I’m not an anxious person except when it comes to death. Which means, I guess, that I am an anxious person because it all comes back to death in the end. Driving a car: boom, dead. Walking at night: boom, dead. (This does not apply to smoking cigarettes, which is my shameful little hobby.) I also worry about the deaths of people I love, and obviously, OBVIOUSLY, adding pets to this whole thing is not ideal, because my pets are also going to die and I will have to see them die (this is the subject of an essay I am working on, so no more on this at the present moment except: WHYYYYYY). So, I was convinced Bruno was dead, that’s like where my head went instantly. “Oh god, he’s dead,” I kept saying, “I can feel it.” And poor K, trying to stay positive, we’re outside, hunting for him in the streets, and K’s calling, “Bruno! Bruno!” and I’m going, “Bruno.” but really, the subtext of my calling was that I was at any moment going to stumble over a grey and white body and I kept imagining his little face, with his little mustache and it was TOO MUCH. Here is a photo of Bruno (“At last,” you’re thinking, “I read this whole damn newsletter and there are still no cat photos!”) so you can see his pathetic little expression, his sorrowful eyes (one of my other names for him is “Dukhi Singh” and I call this particular expression, “Who killed my father?” but really, he’s just looking for food, because he is a greedy fuck.)

Okay, you might as well have photos of the other two as well. Here’s Olga da Polga, who is Bruno’s twin and my personal cat. (Look, I have made peace with the fact that the boys in my house stick together, K and the two tom cats, but Olga loves me best.)

Isn’t she a beauty?

And here is the most illustrative photo I can find of Squishy’s general…Squishiness. Please observe little vampire teef.

So, we get home and I send off sorrowful messages to the colony WhatsApp group, thinking it can do good this time for a change and to our next door neighbour. And within five minutes, our neighbour’s like, “My son spotted a similar cat on our terrace today where he has an office” so K and I go out to the balcony from where we can look down on to the neighbour’s roof and we go, “Bruno! Bruno!” and there’s nothing, so K decides to rattle a little food in the bowl, and BOINGGGG, out comes a Very Annoyed Cat who has been STUCK THERE ALL DAY, HUMANS, WHAT KIND OF SERVICE IS THIS and who proceeds to lift his head and yowl at us about the unfairness of it all. The neighbour can hear this—possibly the whole colony can hear this—so K goes to their house and wraps Bruno up in a towel to stop him scratching and cuddles him all the way home. He was a sheepish affectionate cat for the rest of the evening, but today is back to being his usual self, ie, he sleeps a lot and asks for food. Also remarkably uninjured. But, my god, I died a thousand deaths. Thank goodness I don’t have children. I don’t know how you lot sleep at night without worrying.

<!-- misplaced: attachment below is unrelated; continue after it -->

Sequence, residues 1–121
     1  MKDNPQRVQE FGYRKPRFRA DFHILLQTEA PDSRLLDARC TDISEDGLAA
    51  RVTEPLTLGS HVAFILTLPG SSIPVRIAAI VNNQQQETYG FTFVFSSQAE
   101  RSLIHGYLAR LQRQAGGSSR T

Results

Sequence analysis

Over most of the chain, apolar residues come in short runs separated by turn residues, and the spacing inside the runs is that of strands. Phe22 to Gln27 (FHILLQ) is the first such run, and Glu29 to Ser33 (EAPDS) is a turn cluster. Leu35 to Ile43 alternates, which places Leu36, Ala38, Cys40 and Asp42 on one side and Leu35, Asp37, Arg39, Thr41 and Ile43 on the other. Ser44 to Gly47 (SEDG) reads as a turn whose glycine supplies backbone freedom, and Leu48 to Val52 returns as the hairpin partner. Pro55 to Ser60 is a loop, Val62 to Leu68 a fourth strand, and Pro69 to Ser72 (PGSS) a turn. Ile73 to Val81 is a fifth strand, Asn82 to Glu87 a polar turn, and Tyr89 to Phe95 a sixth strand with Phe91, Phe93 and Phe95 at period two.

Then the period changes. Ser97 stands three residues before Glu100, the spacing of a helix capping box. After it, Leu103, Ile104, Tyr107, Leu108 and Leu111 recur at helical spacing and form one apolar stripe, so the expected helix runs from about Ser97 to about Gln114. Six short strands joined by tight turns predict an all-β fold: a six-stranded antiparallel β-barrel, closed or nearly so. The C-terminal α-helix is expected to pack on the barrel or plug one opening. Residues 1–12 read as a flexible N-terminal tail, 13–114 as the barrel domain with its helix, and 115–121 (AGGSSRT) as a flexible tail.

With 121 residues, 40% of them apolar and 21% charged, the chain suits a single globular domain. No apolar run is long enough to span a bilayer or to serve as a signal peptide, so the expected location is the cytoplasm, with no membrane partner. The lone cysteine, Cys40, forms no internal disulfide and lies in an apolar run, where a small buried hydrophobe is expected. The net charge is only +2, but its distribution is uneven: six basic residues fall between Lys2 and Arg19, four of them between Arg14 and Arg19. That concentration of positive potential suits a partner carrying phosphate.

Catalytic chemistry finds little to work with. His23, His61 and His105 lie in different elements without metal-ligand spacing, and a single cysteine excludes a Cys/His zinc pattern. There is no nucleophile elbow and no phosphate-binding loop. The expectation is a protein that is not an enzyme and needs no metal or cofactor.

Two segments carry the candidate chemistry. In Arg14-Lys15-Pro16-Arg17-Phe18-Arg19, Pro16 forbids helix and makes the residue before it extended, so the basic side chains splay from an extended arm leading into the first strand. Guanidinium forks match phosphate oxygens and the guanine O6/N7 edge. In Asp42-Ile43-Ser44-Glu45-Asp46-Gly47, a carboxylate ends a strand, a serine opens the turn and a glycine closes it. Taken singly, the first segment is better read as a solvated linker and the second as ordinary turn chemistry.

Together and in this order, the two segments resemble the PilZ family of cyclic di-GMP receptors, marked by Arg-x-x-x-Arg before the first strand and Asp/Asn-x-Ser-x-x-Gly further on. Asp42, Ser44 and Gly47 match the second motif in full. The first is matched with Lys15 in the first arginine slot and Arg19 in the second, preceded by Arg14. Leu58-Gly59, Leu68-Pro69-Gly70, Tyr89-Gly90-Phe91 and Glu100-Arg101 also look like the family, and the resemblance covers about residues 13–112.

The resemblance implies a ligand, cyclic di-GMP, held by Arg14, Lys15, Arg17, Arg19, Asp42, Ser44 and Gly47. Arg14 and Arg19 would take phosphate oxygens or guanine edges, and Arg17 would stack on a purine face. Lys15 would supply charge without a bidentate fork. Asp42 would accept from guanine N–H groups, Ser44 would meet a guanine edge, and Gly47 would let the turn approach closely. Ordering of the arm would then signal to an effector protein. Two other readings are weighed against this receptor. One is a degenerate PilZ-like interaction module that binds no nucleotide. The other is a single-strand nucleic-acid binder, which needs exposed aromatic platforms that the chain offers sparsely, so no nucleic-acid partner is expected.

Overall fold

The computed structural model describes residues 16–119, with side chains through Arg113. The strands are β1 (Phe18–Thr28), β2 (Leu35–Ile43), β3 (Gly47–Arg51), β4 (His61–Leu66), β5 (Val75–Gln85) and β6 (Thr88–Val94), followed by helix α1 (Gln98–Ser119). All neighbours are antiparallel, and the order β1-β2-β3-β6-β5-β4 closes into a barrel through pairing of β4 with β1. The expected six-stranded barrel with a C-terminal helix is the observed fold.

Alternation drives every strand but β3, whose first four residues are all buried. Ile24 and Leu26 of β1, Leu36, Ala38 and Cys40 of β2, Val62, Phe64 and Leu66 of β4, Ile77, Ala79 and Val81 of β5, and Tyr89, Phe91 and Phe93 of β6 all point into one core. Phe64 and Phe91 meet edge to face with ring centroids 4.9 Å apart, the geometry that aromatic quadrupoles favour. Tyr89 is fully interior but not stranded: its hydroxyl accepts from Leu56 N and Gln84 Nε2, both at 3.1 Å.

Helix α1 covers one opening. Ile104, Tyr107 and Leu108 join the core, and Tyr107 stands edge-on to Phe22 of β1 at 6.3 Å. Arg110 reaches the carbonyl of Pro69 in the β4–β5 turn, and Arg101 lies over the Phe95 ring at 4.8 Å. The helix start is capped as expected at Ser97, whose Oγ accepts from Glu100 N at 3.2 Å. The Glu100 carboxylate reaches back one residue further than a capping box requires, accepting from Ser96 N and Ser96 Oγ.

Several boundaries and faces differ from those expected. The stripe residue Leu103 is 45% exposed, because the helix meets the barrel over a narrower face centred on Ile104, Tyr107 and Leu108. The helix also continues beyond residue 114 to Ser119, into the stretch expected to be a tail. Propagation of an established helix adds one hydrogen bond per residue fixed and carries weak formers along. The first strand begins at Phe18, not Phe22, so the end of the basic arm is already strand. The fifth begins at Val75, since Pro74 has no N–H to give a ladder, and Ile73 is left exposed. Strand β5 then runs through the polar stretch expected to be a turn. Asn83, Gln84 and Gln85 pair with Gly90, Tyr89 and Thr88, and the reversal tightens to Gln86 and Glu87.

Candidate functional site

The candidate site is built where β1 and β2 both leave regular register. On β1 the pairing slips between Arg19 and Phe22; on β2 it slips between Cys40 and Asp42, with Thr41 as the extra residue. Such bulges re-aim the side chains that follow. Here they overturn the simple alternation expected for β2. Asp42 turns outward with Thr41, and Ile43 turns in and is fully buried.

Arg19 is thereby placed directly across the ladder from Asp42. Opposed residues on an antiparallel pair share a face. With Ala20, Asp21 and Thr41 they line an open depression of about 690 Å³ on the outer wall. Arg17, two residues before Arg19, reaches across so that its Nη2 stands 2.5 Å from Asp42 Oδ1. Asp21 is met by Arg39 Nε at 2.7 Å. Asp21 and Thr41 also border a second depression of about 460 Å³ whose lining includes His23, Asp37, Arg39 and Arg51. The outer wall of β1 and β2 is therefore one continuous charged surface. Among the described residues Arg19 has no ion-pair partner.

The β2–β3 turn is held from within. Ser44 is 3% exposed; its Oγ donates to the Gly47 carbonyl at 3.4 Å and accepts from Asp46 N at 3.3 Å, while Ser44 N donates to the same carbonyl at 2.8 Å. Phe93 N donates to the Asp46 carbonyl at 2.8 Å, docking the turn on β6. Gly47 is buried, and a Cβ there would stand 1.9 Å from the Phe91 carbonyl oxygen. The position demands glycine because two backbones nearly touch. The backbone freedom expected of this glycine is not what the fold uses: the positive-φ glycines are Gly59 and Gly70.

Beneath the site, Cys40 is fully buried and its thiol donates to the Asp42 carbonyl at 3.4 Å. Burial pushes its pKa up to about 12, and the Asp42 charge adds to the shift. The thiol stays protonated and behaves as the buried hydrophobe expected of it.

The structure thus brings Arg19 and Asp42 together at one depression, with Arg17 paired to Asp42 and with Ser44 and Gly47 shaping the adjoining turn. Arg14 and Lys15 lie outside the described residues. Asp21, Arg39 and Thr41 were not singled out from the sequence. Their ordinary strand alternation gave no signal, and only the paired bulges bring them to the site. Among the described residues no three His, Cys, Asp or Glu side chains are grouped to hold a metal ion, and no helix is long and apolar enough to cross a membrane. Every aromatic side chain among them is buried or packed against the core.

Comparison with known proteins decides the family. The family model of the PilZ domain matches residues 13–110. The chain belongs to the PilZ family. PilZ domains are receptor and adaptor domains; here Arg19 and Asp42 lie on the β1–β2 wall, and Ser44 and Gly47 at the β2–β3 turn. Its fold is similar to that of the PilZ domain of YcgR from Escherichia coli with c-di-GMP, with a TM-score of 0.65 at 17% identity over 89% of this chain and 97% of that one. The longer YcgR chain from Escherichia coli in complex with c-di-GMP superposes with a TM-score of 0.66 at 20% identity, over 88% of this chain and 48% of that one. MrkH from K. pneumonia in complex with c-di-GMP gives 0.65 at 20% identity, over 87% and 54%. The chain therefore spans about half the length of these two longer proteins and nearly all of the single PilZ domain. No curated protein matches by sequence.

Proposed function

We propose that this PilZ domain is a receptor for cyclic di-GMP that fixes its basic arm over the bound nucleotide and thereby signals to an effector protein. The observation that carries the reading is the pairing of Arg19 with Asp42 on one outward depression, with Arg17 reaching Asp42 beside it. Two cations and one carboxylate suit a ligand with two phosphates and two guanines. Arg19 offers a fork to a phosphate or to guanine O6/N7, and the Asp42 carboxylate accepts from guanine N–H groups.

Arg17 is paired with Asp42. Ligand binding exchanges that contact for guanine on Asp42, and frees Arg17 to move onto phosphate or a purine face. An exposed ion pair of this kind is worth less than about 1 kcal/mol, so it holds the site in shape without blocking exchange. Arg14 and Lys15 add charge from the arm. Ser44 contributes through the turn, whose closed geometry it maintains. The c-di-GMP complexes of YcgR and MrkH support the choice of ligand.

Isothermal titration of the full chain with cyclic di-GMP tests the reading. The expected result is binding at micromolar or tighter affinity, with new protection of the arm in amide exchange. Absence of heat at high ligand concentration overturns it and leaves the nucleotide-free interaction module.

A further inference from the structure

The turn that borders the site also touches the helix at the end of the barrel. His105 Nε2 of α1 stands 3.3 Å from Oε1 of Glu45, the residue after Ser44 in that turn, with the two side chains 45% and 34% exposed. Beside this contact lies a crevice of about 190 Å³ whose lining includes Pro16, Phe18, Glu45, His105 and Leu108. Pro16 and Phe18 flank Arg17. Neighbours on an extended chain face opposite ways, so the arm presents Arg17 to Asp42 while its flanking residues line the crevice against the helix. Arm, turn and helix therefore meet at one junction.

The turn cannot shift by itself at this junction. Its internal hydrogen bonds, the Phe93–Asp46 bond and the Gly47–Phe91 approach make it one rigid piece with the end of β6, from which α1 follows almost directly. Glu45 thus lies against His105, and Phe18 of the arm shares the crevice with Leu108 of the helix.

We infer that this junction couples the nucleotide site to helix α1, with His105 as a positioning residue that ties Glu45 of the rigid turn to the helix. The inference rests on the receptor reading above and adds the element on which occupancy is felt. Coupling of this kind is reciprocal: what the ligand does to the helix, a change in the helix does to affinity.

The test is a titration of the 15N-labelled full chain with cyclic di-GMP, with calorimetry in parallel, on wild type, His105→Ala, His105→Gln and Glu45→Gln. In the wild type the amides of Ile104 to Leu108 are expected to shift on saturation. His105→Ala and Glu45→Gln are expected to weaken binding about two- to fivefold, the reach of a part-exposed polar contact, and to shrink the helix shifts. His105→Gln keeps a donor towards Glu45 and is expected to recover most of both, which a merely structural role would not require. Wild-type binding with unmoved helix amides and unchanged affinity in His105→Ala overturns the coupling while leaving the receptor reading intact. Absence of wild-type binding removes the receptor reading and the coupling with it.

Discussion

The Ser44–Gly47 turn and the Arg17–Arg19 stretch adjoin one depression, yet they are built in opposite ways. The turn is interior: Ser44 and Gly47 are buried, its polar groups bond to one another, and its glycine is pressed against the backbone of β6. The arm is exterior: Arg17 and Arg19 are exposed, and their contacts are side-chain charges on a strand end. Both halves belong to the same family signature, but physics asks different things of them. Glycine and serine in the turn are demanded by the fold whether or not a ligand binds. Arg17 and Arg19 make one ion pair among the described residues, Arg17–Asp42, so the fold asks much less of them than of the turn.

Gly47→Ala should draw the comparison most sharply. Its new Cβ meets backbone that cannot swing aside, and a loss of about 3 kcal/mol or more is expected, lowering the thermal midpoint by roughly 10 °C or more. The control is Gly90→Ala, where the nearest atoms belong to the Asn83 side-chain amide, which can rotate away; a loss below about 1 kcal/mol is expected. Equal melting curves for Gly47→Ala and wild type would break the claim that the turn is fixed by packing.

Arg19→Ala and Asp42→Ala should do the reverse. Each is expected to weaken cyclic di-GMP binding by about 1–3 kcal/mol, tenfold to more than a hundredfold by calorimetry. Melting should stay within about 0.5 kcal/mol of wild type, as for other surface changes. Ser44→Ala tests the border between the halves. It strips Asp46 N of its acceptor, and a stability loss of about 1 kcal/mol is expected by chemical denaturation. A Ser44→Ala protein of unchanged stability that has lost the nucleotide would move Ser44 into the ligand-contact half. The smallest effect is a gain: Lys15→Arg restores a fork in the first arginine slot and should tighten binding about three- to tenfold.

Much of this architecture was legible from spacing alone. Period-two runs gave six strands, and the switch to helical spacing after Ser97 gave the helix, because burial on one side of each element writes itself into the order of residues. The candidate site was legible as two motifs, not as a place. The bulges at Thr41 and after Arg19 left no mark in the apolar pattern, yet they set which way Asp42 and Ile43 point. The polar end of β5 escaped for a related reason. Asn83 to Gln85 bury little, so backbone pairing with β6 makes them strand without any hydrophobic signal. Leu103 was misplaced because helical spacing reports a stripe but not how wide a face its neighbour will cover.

Anyway, this was supposed to be a whole meditation on cat parenting, but the only truism I have for you, is that the first thing Bruno did when he got home—okay, the third thing, first he drank a lot of water, then he wandered around making sure everything was where he left it and then, he comfortably went to his litter box and made a big poop. Which is exactly the sequence of things I do when I return home after a long and hazardous journey! Animals: they’re just like us.


A movie I watched recently is Dolly, Kitty Aur Woh Chamakte Sitare, about which I really don’t have that much to say, except there’s a whole scene set in the Doll’s Museum! The Doll’s Museum! It was my favourite place to go when I was a child, and right next door to the best children’s library in the city. They don’t seem to have updated the display or the dolls since the early ‘80s though, so it’s looking a little… dystopian. But still, hurray for shout-out!

Have you read CJ Sansom’s Shardlake series? It combines Tudor history with murder mystery (hey, I made a rhyme!) and I am obsessed. I’m on book five right now, two left, and I’ve just learned that the author has cancer, so I’m not sure whether there will be more books. (Except his diagnosis was in 2012 and he’s written a few books since, so here’s hoping for the best!) Please read it and mail me your thoughts.

Did you know there’s a comment section underneath these things? I am putting a button over here, please tell me about your pet/s, if you feel like talking about your pets!

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Stuff I read that I liked:

Funny: why did I bring a teenager to Venice?

The public shaming pandemic.

A new and sophisticated way to scam you out of your money.

After reading this story about how terrible Goodreads is (it’s okay, just a bit big), I signed up for Storygraph and I’m really enjoying it. Already bought and read one book off their personalised algorithm which I loved.

You may or may not have watched that social-media-is-bad documentary on Netflix, but this review of a book about Twitter is a lot more powerful, I thought.

This story about donating bone marrow during a pandemic is actually quite funny and droll despite the earnest sounding content.

And in the Newsletters I Enjoy section: Links I Would GChat You If We Were Friends and Bnet.

Have a great week!



Happy Hour Need A Drink GIF by Academy of Country Music Awards

Where am I? The Internet Personified! A mostly weekly collection of things I did/thought/read/saw that week.

Who are you?Meenakshi Reddy Madhavan, writer of internet words (and other things) author of seven books (support me by buying a book!) and general city-potter-er.